Biden Ruling 'Threat to US Critical Minerals Mining'

The Essential Minerals Association says Biden's Public Lands Rule is threat to critical minerals mining industry and compromises move to clean energy

A proposed US government sustainability ruling that will protect a tenth of the country’s public land threatens the critical minerals mining industry in North America, a leading mining industry body says.    

The US government’s recently announced Public Lands Rule (PLR) will help conserve wildlife habitat, restore places impacted by wildfire and drought, expand outdoor recreation, and “guide thoughtful development”.

The new ruling affects the management of an estimated 245 million acres of public property – roughly one-tenth of the US’s land mass. It is part of President Joe Biden's efforts to combat climate change by restricting oil and gas activities on public lands, and to conserve a third of US lands and waters.

While welcomed by conservationists, the government is facing legal challenges from fossil fuel industry groups, some of whom characterise the plan as a “land grab.”

And the Essential Minerals Association (EMA) warns that the PLR will harm the critical minerals industry at a time when certain minerals are needed more than ever in the move to clean energy. 

The EMA is the representative voice for companies in North America that extract and process industrial minerals. Its President, Chris Greissing, says of the ruling: “Our nation is in desperate need of the essential mineral resources that EMA members responsibly extract from federal lands, as well as the high-paying jobs they provide and support nationwide.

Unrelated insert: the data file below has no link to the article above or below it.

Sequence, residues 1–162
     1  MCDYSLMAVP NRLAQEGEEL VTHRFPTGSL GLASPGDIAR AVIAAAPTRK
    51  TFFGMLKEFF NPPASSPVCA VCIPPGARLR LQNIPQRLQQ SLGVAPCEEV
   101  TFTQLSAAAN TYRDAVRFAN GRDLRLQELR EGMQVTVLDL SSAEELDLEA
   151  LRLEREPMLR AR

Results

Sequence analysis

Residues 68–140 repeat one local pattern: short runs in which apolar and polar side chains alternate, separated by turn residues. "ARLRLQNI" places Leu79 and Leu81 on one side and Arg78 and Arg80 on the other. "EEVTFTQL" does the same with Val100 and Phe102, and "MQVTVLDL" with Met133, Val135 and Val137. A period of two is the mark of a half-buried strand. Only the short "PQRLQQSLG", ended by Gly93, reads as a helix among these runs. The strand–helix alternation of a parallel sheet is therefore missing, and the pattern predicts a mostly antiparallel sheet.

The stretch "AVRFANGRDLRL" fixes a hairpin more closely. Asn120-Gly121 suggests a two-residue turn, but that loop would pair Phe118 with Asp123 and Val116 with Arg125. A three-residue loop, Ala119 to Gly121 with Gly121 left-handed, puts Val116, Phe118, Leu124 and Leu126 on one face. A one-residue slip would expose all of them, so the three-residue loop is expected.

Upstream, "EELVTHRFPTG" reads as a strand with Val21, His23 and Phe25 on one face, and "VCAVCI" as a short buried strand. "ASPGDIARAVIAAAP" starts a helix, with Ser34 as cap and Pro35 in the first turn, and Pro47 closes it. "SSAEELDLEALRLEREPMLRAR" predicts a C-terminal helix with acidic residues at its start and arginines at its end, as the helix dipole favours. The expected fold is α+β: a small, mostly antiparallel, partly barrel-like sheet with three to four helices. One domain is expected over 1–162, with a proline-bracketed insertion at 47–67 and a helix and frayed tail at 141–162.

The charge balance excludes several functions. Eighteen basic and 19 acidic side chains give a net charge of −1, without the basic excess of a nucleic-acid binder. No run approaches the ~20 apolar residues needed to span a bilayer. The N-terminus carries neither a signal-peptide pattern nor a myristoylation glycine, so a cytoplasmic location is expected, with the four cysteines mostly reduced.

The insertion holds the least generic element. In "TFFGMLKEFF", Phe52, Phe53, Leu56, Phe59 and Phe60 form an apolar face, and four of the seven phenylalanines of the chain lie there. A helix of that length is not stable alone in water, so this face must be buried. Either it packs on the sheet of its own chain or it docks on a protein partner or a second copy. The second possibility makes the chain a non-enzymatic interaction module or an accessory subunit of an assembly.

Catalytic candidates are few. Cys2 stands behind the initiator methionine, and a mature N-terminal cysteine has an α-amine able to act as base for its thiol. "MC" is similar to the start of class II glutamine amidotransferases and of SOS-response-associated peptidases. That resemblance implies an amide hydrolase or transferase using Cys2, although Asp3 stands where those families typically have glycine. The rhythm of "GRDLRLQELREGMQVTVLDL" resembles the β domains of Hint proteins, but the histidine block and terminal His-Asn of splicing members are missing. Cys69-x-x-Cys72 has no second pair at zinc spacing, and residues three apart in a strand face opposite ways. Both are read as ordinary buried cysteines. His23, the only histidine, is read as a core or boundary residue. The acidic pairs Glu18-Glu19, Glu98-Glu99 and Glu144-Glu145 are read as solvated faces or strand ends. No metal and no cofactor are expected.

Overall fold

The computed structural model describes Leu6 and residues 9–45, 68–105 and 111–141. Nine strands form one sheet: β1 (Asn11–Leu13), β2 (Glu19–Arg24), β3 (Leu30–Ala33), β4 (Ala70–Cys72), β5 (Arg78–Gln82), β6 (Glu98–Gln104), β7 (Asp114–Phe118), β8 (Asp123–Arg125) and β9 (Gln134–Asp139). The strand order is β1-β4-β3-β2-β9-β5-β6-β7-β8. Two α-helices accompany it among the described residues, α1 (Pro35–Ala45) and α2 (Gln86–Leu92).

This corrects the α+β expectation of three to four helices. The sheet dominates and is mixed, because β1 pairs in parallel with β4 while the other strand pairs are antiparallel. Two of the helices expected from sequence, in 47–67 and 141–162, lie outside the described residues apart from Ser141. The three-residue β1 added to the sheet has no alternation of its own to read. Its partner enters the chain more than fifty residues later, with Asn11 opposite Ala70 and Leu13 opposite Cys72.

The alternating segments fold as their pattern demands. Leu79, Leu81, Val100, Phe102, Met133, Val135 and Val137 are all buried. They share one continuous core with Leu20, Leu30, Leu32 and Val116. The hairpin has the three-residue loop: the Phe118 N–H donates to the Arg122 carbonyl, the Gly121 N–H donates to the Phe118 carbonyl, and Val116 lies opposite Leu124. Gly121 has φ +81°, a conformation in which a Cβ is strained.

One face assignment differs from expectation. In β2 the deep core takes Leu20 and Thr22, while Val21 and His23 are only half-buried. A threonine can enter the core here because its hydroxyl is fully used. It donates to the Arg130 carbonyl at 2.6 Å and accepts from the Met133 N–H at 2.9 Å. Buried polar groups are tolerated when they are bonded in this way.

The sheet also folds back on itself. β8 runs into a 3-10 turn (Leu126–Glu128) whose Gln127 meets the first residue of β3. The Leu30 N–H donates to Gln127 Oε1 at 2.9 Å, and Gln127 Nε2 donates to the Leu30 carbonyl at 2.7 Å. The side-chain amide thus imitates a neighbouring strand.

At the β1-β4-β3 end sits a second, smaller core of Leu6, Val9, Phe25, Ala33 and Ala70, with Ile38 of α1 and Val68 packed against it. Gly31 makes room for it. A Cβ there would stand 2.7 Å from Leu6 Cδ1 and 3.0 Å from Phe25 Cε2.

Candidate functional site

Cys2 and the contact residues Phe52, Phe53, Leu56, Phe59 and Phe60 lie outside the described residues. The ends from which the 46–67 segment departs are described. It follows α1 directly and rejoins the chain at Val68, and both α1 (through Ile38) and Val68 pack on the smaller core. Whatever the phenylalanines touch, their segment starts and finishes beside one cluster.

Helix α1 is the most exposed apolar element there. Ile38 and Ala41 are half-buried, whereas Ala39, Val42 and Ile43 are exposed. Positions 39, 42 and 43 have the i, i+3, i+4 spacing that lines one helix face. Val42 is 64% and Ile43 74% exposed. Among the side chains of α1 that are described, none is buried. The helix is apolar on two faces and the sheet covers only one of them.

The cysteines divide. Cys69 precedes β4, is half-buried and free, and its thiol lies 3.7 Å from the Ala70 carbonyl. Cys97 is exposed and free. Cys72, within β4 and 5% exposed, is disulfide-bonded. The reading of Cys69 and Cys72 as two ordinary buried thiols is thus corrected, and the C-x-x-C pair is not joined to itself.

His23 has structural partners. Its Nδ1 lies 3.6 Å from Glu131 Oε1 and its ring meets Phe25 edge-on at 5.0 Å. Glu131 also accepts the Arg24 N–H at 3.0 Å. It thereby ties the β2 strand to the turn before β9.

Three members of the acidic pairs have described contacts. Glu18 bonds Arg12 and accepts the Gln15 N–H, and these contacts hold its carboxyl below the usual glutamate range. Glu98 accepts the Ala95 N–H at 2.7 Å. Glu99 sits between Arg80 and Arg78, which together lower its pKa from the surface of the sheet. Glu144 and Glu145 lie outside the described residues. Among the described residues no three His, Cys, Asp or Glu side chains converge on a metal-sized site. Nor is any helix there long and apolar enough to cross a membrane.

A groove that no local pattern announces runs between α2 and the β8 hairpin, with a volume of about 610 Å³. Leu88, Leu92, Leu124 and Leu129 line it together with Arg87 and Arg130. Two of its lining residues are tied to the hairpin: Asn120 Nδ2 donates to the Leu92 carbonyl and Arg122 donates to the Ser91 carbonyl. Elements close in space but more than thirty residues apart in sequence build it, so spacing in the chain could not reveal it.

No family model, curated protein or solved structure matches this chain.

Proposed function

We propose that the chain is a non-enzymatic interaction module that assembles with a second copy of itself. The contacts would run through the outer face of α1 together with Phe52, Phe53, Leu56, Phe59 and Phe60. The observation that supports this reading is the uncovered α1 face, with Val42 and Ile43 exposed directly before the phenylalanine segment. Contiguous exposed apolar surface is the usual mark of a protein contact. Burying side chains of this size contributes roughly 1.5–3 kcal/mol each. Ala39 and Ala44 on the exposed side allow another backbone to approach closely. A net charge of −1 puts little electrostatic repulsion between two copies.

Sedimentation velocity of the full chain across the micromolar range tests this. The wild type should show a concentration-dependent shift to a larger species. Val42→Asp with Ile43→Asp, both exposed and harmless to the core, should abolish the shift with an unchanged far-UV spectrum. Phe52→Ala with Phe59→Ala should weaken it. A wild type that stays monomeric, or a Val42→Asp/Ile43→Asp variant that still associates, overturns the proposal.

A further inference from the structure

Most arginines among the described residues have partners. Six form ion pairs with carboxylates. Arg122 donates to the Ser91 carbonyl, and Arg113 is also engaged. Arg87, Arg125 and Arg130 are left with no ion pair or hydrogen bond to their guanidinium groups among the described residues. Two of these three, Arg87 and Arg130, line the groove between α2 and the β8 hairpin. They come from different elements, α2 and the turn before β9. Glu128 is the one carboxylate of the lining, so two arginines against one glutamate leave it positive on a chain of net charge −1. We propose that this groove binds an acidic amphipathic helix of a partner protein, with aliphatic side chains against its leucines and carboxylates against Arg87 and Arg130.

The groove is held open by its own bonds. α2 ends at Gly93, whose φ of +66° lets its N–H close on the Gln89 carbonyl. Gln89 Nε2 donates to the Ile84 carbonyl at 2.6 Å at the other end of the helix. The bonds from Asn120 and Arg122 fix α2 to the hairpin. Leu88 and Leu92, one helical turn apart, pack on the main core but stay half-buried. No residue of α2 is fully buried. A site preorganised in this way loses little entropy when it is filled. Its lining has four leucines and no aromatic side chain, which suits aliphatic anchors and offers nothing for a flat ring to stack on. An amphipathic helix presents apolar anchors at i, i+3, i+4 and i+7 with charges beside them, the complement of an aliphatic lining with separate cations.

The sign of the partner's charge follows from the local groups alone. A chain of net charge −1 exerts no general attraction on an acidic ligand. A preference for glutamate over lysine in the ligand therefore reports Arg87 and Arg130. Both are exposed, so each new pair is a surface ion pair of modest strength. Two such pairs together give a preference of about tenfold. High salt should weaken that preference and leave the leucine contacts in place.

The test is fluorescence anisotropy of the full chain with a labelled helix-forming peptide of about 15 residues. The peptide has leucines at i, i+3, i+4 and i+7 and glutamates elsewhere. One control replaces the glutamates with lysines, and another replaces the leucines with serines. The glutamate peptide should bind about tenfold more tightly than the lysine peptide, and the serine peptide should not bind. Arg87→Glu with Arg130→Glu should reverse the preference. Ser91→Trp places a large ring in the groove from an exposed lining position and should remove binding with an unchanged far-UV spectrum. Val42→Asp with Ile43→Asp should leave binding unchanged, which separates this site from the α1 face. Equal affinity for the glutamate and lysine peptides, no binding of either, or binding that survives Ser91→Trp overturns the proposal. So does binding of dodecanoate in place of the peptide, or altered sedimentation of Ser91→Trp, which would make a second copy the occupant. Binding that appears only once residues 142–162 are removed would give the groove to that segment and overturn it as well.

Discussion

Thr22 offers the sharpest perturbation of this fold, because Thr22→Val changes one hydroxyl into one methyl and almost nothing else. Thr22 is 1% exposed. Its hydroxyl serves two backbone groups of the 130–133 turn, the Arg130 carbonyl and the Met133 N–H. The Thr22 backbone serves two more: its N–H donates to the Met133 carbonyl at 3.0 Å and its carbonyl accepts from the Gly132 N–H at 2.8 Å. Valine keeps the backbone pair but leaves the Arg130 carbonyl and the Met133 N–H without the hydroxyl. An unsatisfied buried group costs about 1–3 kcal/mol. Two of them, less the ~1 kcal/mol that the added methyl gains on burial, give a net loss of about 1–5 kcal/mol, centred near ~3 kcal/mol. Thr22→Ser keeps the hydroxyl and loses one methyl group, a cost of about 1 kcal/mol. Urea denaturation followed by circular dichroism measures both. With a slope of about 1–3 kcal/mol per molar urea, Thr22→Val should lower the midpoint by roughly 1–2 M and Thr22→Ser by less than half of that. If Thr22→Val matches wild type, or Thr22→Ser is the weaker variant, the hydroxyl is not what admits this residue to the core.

“Under existing law, BLM has successfully managed federal lands using the multiple use goals laid out in Federal Land Management Policy Act. “However, the rule being proposed represents a clear and imminent threat to the minerals industry and its contributions to the economy, including the green energy transition, which relies heavily on many of the minerals EMA members produce.”

US public land no longer leased to mining companies

Historically, the US Bureau of Land Management (BLM) – known as the nation’s largest landlord – has offered public land leases to oil and gas companies, mining firms and ranchers. Now, the 80-year-old agency is set to auction off so-called ‘restoration leases’ and ‘mitigation leases’ to organisations who plan to restore or conserve public lands.

In Alaska, for example, the new ruling will prevent the building of a planned 340-km road designed to facilitate mine development in the Ambler Mining District in north central Alaska. 

Ambler is rich in copper, zinc, lead, gold, and silver deposits, with the metals mined by various methods, including open-pit mining and underground mining. 

Copper especially is a major focus of mining activity in the Ambler District due to its abundance and economic value, and there are concerns that the inability to mine it will impact copper supplies in the long term.

As the world continues to shift towards sustainable energy sources the demand for copper – a vital component in electrical systems – will soar. Copper’s role in global electric vehicle (EV) production is particularly key. 

But global copper production cannot simply be cranked up to meet soaring demand. New copper mines that came online within the past three years had an average lead time of 23 years from discovery to production.